Letter to the Editor
Characterisation of Erythromycin-Resistant Streptococcus pneumoniae Isolates Causing Invasive Diseases among Chinese Children
X Ma, KH Yao, SJ Yu, L Xue, YH Yang
Although some data have shown that Streptococcus pneumoniae were high resistance to erythromycin in some Asia countries and areas,1 data from cases of invasive pneumococcal diseases (IPD) were rare and the characterisation of these isolates had not been well detected in the hinterland of China.
Recently, we detected the susceptibility to antimicrobial for 171 Streptococcus pneumoniae isolates which were collected from 11 medical centers in China from children under 14 years with invasive pneumococcal diseases2 and analysed the characterisation of erythromycin-resistant isolates. To our knowledge, this is the largest collection of IPD isolates recovered and characterised in Chinese children.
Among the 171 isolates, 164 (95.9%) were resistant to erythromycin. Resistance to erythromycin was generally with high minimal inhibitory concentration (MIC) level (MIC50 and MIC90 ≥256 µg/ml for 162 isolates among all the 164 strains. The level of MIC didn't show significant differences in distinct geographic regions, age groups and penicillin-resistant isolates or penicillin-susceptible isolates. Meanwhile, there were 104 (63.4%) isolates carried the ermB gene only and 59 (36.0%) were found to harbor both ermB and mefA/E genes, which suggested that the mechanism of ribosomal methylation encoded by the ermB gene was the major resistance mechanism in the IPD isolates from China. It maybe responsible to the high MIC levels of erythromycin because ermB gene is usually associated with high-level resistance and the mefA/E gene is related to low level resistance. The distribution of resistant genes didn't show significant differences in distinct geographic regions. Furthermore, all the serotypes showed similar resistance levels to erythromycin. However, in Europe, erythromycin resistance was often associated with pneumococcal serotype 14.3 This maybe the result of wide and inappropriate using of macrolide antibiotics, such as azithromycin and clarithromycin in the hinterland of China.
An interesting finding concerning the distribution of resistance determinants was the high rate of dual presence of the ermB and mefA/E genes in serygroup 19. Most of them (54/59, 91.5%) belonged to the serotype 19F and 19A and had an identical PFGE pattern (C pattern). Furthermore, 54 of these strains had an MLST profile similar to the reference strain of Taiwan19F-14 clone (ST236:15-16-19-15-6-20-26). Based on the data from PFGE and MLST in this study, the serotype 19F and 19A isolates with the ermB and mefA/E genes could be the variants of the Taiwan19F-14 clone. Since the Taiwan19F-14 clone was originally known to have only a mefA/E gene, horizontal transfer of the ermB gene into this clone, and subsequent dissemination of this variant, could be responsible for the high rate of dual presence of the ermB and mefA/E genes in Chinese children.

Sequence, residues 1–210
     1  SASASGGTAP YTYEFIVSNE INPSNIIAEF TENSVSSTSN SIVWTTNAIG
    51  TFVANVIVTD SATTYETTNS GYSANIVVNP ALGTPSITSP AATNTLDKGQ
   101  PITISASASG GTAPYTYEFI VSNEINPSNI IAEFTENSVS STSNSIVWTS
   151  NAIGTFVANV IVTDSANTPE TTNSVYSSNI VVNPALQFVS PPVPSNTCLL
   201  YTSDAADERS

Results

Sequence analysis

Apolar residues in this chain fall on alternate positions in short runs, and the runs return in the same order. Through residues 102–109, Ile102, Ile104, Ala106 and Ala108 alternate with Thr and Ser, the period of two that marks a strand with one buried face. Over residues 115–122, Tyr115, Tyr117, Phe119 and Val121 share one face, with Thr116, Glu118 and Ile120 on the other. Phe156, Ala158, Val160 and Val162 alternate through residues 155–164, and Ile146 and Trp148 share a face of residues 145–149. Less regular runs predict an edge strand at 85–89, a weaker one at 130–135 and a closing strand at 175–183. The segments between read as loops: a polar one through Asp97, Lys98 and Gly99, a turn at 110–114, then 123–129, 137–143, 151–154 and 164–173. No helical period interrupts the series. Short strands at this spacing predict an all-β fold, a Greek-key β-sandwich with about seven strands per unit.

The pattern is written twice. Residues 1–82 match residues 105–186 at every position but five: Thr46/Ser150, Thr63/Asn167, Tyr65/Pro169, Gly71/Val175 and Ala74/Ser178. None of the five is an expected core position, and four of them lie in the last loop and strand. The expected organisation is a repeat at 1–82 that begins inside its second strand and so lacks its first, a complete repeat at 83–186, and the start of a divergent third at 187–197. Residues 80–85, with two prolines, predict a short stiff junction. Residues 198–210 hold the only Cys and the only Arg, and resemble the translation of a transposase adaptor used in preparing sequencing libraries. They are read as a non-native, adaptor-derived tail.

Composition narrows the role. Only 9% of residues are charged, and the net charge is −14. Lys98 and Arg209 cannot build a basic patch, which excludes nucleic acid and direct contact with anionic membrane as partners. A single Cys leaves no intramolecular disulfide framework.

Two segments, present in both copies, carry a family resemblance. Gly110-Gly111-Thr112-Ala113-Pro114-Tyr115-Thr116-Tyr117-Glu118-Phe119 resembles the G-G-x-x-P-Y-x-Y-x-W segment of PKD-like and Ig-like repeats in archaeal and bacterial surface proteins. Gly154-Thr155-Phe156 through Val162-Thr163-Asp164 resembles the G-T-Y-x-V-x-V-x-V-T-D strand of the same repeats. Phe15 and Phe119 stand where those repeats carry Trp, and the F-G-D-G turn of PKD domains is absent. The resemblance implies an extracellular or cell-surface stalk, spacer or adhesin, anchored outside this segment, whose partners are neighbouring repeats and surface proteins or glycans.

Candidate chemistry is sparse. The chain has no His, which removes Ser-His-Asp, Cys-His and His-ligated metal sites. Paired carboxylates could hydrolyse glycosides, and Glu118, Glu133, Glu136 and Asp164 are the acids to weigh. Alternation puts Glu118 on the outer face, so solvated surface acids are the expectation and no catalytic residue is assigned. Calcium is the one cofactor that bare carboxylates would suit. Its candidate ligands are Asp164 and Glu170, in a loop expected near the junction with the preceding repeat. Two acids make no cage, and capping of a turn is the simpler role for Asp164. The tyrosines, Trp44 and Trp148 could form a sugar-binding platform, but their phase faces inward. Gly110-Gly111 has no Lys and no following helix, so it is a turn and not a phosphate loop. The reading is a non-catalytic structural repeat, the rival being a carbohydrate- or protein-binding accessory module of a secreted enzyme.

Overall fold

This study was limited by the number of isolates in each region was relatively small and all the isolates were collected from tertiary hospitals in Chinese big cities. In that regards, there maybe some bias in isolate collection (i.e. the cultures more likely to be obtained from children who failed treatment or who have the more severe form of infections).
In summary, surveillance has showed that the erythromycin resistance rate is very high among S.pneumoniae causing IPD in chinese children. The major mechanism was the ribosomal methylation encoded by the ermB gene among most of the major serotype, furthermore, the mechanism of efflux encoded by the mefA/E gene mainly were detected in serogroup19. In addition, molecular studies suggested the spread of resistant strains (Taiwan19F-14 clone) in the mainland of China.
We thank all the participants from the 11 hospitals and the Lanzhou Vaccine Institute. We thank for Lesley McGee from Centers for Diseases Control and Prevention, Atlanta, USA, for performing the PFGE analysis.
This study was supported by Beijing guidance teacher technology item of excellent doctorship thesis (grant YB20091002502) and Special fund for high-level personnel development in Beijing health system (2011-3-052).
1. Song JH, Chang HH, Suh JY, et al. Macrolide resistance and genotypic characterisation of Streptococcus pneumoniae in Asian countries: a study of the Asian Network for Surveillance of Resistant Pathogens(ANSORP). J Antimicrob Chemother 2004;53:457-63.
2. Xue L, Yao K, Xie G, et al. Serotype Distribution and Antimicrobial Resistant of Strepotococcus pneumoniae Isolates That Cause Invasive Disease among Chinese Children.Clin Infect Dis 2010;50:741-4.
3. Isaacman DJ, McIntosh ED, Reinert RR. Burden of invasive pneumococcal disease and serotype distribution among Streptococcus pneumoniae isolates in young children in Europe: impact of the 7-valent pneumococcal conjugate vaccine and considerations for future conjugate vaccines. Int J Infect Dis 2010;14:e197-209.
Key Laboratory of Major Diseases in Children and
National Key Discipline of Pediatrics (Capital Medical University),
Ministry of Education, Beijing Pediatrics Research Institute,
Beijing Children's Hospital, 56# Nan Lishi Road, Beijing, China
*Correspondence to: Prof. YH Yang